McDonough County Small Claims Court, Illinois


Can I file a case in McDonough County?

In Illinois, a small claims court case must be filed in the county where one of the defendants live or in the county in which the incident or transaction took place. For example, if the case involved property damage, the case could be filed in the county where the property is located.

What Happens at a Small Claims Court Trial

At a bench trial (or trial in front of a judge), the judge will listen to both the plaintiff and the defendant. The judge will also listen to any witness testimony and will review exhibits offered by either the plaintiff or the defendant. The plaintiff presents their side first. The defendant puts on its side of the case once the plaintiff has finished. As the judge is deciding the facts of your case, it is required that you speak slowly and clearly so the judge can follow what you are saying. It is normal for all people to be nervous when speaking in public (let alone in front of a judge) so it may be helpful to practice talking about your case in front of another person (spouse, friend, neighbor).

Preparing for a Small Claims Court Hearing

The key to preparing a case for trial is to be able to explain your side of the case in a way that is easy for the judge (or jury) to understand. You should gather and bring anything that can support your side of the case including photographs, contracts, receipts, invoices, or other documents. It is useful to prepare a short chronology of the dates and times of the events in your case. The court will pay particular attention to details including times, dates, value of damages so it is critical to have these details noted and documented ahead of time (and even including them in your complaint). Witnesses who support your side of the case should also be invited to court to provide testimony during the trial. It is important the witness is aware of the location of the court and the date and time of the trial in order to be able to appear in person. If the person refuses to come to court, you may need to take steps to issue a subpoena for them to attend.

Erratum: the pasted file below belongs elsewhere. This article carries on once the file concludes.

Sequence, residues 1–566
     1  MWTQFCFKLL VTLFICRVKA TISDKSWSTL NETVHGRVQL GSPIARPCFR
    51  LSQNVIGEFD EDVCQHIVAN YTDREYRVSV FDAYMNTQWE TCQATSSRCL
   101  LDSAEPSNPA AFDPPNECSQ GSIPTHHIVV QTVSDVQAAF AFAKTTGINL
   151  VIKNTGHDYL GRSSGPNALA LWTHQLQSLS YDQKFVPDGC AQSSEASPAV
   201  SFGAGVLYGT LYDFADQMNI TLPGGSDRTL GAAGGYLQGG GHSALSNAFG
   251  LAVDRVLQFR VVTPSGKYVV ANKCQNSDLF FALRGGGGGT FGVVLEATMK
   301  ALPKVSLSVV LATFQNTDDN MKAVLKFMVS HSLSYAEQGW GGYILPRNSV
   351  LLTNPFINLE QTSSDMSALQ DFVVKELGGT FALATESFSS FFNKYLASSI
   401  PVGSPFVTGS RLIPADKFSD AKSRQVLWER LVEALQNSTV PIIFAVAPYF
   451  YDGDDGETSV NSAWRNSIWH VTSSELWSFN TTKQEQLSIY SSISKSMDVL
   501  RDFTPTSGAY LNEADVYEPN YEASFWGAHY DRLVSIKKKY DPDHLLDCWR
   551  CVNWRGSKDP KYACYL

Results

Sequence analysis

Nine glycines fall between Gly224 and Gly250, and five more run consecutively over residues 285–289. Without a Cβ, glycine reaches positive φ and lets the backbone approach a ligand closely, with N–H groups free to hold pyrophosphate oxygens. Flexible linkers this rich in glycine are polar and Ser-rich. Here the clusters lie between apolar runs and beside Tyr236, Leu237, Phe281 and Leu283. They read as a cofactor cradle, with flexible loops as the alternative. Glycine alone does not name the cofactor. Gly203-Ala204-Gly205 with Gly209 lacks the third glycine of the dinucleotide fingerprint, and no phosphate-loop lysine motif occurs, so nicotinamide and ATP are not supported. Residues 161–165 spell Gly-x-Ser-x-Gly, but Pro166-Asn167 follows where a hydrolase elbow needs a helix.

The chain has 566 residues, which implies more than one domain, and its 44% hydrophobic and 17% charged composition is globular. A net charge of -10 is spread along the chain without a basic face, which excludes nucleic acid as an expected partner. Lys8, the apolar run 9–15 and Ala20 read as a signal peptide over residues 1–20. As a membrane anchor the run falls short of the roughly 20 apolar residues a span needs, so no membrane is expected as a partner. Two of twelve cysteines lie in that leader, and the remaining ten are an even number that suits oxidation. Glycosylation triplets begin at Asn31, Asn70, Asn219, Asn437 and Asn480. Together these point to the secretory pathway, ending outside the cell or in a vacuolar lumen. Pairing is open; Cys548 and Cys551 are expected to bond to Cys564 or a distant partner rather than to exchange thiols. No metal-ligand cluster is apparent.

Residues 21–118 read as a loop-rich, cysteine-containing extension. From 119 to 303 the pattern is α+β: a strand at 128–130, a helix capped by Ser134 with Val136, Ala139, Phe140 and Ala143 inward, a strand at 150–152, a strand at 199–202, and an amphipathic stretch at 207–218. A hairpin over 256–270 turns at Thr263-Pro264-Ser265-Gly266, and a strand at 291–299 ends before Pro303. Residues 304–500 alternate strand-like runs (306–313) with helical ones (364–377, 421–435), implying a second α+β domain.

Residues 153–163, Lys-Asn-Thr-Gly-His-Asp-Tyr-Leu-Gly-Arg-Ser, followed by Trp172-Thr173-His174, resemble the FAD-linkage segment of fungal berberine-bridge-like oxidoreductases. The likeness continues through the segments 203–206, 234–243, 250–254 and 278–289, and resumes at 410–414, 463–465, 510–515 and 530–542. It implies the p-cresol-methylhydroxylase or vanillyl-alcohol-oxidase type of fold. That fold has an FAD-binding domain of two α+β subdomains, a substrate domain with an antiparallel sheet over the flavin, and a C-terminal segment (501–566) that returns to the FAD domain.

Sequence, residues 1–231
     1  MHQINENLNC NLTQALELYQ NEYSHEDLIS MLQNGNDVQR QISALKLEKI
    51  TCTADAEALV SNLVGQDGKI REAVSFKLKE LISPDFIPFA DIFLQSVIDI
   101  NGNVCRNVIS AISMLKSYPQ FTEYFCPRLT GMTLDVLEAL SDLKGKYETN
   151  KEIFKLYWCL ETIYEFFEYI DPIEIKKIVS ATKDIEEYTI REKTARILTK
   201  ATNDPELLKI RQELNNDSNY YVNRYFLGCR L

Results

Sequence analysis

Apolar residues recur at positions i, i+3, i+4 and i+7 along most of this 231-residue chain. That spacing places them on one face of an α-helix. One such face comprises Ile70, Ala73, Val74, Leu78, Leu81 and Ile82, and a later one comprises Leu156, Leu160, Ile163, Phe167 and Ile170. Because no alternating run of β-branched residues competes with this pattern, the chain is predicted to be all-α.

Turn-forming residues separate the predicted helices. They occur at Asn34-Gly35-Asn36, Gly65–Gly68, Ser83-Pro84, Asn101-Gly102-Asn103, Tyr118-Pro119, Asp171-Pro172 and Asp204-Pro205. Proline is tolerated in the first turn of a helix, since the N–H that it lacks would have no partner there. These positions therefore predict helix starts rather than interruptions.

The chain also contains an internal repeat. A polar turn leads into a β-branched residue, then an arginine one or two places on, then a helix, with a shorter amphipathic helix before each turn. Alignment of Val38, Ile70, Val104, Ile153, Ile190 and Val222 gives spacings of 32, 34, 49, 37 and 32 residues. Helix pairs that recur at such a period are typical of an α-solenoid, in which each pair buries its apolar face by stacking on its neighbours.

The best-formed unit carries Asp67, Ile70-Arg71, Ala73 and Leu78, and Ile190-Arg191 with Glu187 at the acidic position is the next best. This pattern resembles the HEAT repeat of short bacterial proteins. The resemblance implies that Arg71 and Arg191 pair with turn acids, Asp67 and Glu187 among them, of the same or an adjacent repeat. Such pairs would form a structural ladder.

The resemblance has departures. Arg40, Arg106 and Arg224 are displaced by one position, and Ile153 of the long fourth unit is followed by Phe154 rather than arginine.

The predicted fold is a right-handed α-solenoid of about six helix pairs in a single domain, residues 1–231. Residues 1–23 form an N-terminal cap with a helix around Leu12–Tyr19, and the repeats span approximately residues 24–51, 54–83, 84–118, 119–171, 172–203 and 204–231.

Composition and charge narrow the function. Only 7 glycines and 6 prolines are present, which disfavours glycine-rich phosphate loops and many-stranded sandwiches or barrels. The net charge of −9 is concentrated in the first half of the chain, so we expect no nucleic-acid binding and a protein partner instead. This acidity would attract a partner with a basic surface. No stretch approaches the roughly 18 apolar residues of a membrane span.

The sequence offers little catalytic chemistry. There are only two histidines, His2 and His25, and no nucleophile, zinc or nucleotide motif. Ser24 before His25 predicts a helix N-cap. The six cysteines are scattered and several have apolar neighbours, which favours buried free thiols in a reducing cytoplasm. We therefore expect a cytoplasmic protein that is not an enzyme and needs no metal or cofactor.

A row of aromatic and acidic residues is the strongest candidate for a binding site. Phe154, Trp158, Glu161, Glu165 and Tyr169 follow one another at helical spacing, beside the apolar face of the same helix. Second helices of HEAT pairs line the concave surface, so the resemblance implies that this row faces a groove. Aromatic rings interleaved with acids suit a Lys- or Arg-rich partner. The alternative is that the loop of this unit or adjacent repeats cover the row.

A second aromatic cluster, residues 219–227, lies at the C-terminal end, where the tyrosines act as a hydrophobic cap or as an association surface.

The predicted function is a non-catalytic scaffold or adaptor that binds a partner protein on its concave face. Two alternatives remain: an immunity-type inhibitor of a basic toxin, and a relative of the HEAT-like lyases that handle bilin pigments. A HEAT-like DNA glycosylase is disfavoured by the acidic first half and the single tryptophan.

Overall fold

How do I file a case in small claims court?

The plaintiff needs to file a document called a complaint with the court clerk. A small claims complaint can be obtained at the court clerk’s office. The party filing the complaint to begin the court case is called the plaintiff. The party that the plaintiff is trying to recover money from is called the defendant.

McDonough County Small Claims Court Location

Small Claims Court cases are heard at:

McDonough County Courthouse
1 Courthouse Square
Macomb, IL 61455

The circuit court clerk takes care of all documents and files for court cases. The circuit clerk’s address is:

#1 Courthouse Square
Macomb, Illinois 61455-0348

The clerk’s phone number for the court is: 309-837-4889
The clerk’s fax number for the court is: 309-833-4493

After your Small Claims Court Case

If the court finds for the plaintiff, the court is able to issue a judgment which awards monetary damages to the plaintiff. Either party is able to appeal the judgment issued by the court (which must be filed within thirty days of the judgment being entered by the court.

Types of Small Claims Court Cases